The Truth in Lending copy does not need the customer’s signature on it, although the most common practice in the marketplace is to hand over the entire four-page RISC and say, “This is your retail installment sales contract. I would like for you to take it and review it.”
2) Review the agreed-upon term, payment and first payment date on the RISC.
3) Start at the top of the contract and review the customer’s information as well as the seller/creditor information.
4) Review the information about collateral on this contract. This means the vehicle year, make and model, and VIN.
5) Review the federal Truth in Lending boxes with the customer. A good verbal disclosure of these boxes would be: “This shows your APR, your finance charge, your amount financed, your total payments, and your total sales price including your down payment.”
Your staff is not required to verbally review any of the numbers listed in these boxes. According to federal Truth in Lending laws, this is what makes the RISC self-disclosing.
6) Disclose the itemization of amount financed. This would be the selling price including sales tax, title and licensing fees, and the prices of any financial services products and insurance policies that the customer opted to purchase along with his or her loan.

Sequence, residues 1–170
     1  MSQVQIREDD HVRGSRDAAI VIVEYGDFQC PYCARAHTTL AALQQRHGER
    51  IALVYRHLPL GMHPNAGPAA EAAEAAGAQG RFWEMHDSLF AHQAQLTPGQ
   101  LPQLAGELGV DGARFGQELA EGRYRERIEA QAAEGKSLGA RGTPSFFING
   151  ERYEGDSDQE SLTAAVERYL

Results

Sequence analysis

7) Go back to the agreed-upon payment and re-disclose the term, payment and the first due date of this loan.
8) With your shiny tip pen, point to the individual signature lines that the customer must sign. Have the customer sign the RISC in the appropriate locations. Depending on your state, you will need a minimum two signatures. In California, 10 signatures are required on the contract.
Explaining the RISC and making all necessary disclosures do not amount to a difficult sequence, and it should not prove taxing for the customer to understand the terms and conditions. Business managers should make sure to follow up with any appropriate state laws about which they need to be aware, and with any additional addenda to the contract that also must be signed.